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Statement: February 17, 2011
Docket Nos. RM11-7-000 and AD10-11-000

Statement of Commissioner John R. Norris on proposed new compensation method for regulation service

"Today's notice of proposed rulemaking (NOPR) is all about performance, innovation, and efficiency. The Commission's aim here is to develop a mechanism to compensate resources providing frequency regulation in a way that rewards them for quickly responding to the needs of the system. This should in turn spur innovation in new technologies that provide this quick response, promote efficiency, and result in costs to consumers that reflect this efficiency.

This NOPR appropriately recognizes that if two different resources are providing frequency regulation, but one resource does substantially more to help the system operator balance supply and load in real time, that resource should be paid commensurate with the service it is providing. Simply put, we are looking at pay-for-performance in the regulation market, which should result in a need to procure less regulation capacity and in a more efficient utilization of our existing supply resources.

Importantly, the proposed rulemaking is agnostic with respect to which technologies can take advantage of this new pay-for-performance framework. In addition to those generators that have traditionally provided regulation service, demand response resources and new storage technologies such as batteries and flywheels will be able to compete on a more level playing field.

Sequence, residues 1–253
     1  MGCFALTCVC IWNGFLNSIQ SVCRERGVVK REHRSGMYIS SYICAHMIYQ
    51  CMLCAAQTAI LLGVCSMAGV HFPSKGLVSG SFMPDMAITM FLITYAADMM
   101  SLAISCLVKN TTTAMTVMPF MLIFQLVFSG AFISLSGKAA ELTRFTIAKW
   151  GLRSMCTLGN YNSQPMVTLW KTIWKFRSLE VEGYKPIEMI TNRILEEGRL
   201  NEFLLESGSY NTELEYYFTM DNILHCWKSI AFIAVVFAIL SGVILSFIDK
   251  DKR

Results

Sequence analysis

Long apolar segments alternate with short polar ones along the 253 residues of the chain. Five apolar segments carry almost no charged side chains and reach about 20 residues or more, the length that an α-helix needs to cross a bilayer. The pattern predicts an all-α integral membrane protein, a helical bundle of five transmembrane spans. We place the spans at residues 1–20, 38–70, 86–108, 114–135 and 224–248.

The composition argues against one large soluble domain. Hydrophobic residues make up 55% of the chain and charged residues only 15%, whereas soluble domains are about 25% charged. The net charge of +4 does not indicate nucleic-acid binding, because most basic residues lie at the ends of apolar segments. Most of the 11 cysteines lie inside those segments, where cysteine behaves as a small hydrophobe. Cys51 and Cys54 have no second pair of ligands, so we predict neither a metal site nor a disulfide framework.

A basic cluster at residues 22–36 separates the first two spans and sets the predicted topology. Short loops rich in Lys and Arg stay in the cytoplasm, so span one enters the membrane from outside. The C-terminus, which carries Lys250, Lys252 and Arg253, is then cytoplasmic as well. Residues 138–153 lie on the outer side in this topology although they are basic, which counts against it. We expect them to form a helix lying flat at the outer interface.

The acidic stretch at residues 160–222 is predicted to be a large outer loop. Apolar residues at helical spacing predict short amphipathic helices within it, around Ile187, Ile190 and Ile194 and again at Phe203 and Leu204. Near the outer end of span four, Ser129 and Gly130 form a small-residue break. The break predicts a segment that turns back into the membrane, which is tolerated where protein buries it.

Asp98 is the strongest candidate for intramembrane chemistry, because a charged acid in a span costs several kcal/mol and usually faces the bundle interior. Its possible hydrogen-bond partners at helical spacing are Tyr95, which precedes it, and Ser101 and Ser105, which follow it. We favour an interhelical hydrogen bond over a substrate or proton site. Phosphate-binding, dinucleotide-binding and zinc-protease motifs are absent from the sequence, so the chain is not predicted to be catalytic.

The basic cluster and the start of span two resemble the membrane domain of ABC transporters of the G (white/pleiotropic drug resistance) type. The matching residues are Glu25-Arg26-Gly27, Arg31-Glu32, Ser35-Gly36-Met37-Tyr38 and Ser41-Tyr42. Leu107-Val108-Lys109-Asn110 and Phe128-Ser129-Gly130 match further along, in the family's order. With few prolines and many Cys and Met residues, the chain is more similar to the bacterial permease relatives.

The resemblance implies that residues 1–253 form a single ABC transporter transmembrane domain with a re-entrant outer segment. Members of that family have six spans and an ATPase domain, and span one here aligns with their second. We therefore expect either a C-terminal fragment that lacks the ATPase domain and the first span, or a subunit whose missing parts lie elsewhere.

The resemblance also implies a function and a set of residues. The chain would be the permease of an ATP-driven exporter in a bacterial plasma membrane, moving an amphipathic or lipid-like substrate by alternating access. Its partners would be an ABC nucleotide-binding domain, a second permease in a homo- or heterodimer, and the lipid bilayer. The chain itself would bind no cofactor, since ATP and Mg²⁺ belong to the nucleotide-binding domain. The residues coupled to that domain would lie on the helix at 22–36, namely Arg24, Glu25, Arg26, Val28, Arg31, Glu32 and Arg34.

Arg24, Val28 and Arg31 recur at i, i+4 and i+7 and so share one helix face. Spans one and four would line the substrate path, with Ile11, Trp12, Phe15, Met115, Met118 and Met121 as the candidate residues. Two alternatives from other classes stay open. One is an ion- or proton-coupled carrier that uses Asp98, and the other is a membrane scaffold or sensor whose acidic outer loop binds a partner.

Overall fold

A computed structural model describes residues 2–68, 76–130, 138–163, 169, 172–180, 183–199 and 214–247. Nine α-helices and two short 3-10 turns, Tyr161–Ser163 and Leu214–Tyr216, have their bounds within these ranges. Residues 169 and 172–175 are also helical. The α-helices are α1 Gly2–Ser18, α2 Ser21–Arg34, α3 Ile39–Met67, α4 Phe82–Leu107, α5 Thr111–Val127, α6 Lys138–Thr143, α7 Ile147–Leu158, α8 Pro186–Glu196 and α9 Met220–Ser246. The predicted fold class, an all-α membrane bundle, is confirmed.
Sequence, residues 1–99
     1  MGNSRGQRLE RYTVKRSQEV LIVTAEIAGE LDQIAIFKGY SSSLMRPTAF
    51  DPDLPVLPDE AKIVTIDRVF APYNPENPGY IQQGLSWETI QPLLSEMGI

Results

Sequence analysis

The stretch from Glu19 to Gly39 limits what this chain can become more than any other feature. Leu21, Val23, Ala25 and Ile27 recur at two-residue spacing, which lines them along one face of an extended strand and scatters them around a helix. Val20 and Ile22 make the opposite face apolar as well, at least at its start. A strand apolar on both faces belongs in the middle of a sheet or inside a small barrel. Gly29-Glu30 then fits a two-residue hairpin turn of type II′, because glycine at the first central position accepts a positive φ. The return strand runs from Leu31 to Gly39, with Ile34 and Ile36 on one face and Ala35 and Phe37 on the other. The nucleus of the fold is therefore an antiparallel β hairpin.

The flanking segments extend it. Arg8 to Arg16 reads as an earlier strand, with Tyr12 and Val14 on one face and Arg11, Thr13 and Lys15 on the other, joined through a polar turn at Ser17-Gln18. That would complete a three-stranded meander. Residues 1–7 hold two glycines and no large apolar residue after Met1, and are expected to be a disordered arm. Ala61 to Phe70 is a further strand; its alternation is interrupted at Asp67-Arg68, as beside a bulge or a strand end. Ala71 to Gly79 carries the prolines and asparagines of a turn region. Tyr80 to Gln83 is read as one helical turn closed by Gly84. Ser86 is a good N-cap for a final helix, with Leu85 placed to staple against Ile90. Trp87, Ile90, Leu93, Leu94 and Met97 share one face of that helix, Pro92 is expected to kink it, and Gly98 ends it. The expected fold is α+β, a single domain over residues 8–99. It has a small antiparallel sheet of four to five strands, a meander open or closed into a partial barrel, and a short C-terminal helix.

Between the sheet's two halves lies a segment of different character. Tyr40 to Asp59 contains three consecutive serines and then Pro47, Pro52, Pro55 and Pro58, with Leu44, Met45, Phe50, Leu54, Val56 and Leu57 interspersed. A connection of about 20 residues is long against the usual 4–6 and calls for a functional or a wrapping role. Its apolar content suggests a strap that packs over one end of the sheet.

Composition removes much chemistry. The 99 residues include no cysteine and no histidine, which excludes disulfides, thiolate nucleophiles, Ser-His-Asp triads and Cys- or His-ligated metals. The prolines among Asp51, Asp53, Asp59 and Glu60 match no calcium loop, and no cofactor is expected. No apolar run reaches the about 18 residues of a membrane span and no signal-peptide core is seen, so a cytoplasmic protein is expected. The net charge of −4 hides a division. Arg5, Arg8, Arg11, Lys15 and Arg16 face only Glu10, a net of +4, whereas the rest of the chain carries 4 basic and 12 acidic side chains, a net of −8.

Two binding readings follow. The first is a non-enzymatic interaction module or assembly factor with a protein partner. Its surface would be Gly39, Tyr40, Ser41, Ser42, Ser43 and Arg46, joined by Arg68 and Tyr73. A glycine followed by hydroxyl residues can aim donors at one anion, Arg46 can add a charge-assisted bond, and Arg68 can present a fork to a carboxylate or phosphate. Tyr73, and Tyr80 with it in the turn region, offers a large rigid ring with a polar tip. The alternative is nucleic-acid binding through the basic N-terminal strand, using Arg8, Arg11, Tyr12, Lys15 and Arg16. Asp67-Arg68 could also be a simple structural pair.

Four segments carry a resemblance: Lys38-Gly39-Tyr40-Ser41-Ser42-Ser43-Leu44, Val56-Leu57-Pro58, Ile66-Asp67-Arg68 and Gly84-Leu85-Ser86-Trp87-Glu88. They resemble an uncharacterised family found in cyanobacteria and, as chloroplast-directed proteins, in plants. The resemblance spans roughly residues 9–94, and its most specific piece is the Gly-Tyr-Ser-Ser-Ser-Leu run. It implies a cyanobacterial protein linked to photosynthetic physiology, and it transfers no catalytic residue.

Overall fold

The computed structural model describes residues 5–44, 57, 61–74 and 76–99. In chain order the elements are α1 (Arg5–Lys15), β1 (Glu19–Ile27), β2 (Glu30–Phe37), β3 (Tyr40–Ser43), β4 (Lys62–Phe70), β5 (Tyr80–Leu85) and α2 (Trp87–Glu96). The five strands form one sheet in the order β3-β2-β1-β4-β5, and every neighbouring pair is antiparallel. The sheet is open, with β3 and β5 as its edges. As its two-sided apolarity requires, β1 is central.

Just as important as what this NOPR does address, I want to emphasize two issues that it does not deal with. First, the NOPR addresses frequency regulation, not frequency response. Frequency response is the subject of a Commission staff study that was released at the Commission's meeting last month and we are currently taking comments on that study. Second, this NOPR does not address frequency regulation issues outside of ISO and RTO markets, recognizing that there are significant differences in the way that frequency regulation is procured and compensated in those regions.

While I support our initial focus on the ISO and RTO markets, I also believe that we should look at how frequency response resources are procured and compensated in non-ISO and RTO regions. There may be efforts we should undertake in those areas as well that could create efficiencies and benefit consumers. That is why I would encourage the Commission to take a closer look at frequency regulation as it exists in non-ISO and RTO markets."